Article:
The Smith Awards Program funds projects designed to improve patient and provider communication related to Epic electronic medical record (EMR) improvements. Priority is given to projects mostly likely to have the greatest impact for all Epic users for the UF Health Gainesville and Jacksonville campus. Dr. Azra Bihorac and her team’s applied for a grant based on their proprosal, “Automated algorithm identifies and and communicates risk of acute Kidney Injury among health care providers and patients,” and were funded.
According to the Office of the National Coordinator for Health Information Technology (IT), the main goal of health IT, including electronic medical records (EMRs), is to improve the quality and safety of patient care. EMRs have the potential to improve care by enhancing communication among providers, promoting timely access to information at the point of care, standardizing care processes, reducing diagnostic delays, and providing clinical decision making support.
Congratulations to Dr. Bihorac and the team on your Award!
Here is a little about the team!
Azra Bihorac, MD MS
Associate Professor of Anesthesiology, Surgery and Medicine
Assistant Division Chief for Research
OTHER TEAM MEMBERS:
UF Health Chief Data Officer
Director, IT Applications & System Development
Chief, Division of Nephrology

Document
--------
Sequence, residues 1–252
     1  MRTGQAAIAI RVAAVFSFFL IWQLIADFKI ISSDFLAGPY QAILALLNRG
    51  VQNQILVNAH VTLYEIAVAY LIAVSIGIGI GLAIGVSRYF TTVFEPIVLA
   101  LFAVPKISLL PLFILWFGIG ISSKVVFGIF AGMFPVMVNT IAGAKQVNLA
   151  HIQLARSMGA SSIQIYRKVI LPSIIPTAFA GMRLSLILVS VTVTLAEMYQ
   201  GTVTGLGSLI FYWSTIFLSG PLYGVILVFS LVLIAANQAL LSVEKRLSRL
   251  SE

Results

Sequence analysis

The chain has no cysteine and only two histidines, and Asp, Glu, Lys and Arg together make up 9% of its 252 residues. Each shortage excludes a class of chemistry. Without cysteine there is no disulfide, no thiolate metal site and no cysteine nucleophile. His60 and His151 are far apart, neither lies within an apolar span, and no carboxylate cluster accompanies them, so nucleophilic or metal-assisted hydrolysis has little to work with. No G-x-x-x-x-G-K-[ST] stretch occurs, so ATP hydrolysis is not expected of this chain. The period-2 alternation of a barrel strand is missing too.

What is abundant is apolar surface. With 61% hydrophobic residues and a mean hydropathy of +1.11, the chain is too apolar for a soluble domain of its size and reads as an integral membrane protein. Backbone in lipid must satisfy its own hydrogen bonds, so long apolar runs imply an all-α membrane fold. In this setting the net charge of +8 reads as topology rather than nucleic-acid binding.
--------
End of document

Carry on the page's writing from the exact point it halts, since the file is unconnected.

Acute Kidney Injury (AKI) is a sudden reduction in kidney function that occurs without causing any symptoms or signs and its presence frequently goes unrecognized by patients and health care providers. It is associated with up to five-fold increases in risk for both other serious complications and hospital death, and an increase in hospital cost of up to $28,000 per hospitalization. It is estimated that 1 in 5 emergency admissions to the hospital are associated with AKI, resulting in prolonged inpatient care and contributing to 100,000 inpatient deaths annually. Our research group has demonstrated that AKI, characterized by a decrease in kidney function ranging from 10% to complete failure, affected up to 30% of surgical patients and even if the AKI resolved it still was associated with increased risks for chronic kidney disease, hemodialysis and death years after surgery. Recent National Confidential Enquiry into Patient Outcome and Death (NCEPOD) estimated that one quarter to one third of cases have the potential to be prevented. Although a standardized definition for AKI that uses an increase in routinely measured serum creatinine level to quantify three severity stages has been in place for the last several years, adoption among physicians is low and awareness among patients for this devastating complication is even lower. Recent national patient safety data from the United Kingdom demonstrated that patient mortality and injury increases with any delay in detecting AKI, and the UK has launched a National AKI Prevention Programme. The goal of this program is to develop and adopt e-alert systems, based on serum creatinine, which will pro-actively notify clinicians when a patient has AKI. We propose a multidisciplinary team of health care workers, information technology specialists, engineers and patients to develop an automated algorithm that uses electronic health records (EHR) to identify AKI risk in real time using changes in serum creatinine and to communicate that risk to health care workers, patients and patients’ families’. This proposal would increase communication effectiveness and timeliness and decrease harm due to any delay in detecting AKI. It will also allow meaningful use of EHR mandated by Center for Medicare Services.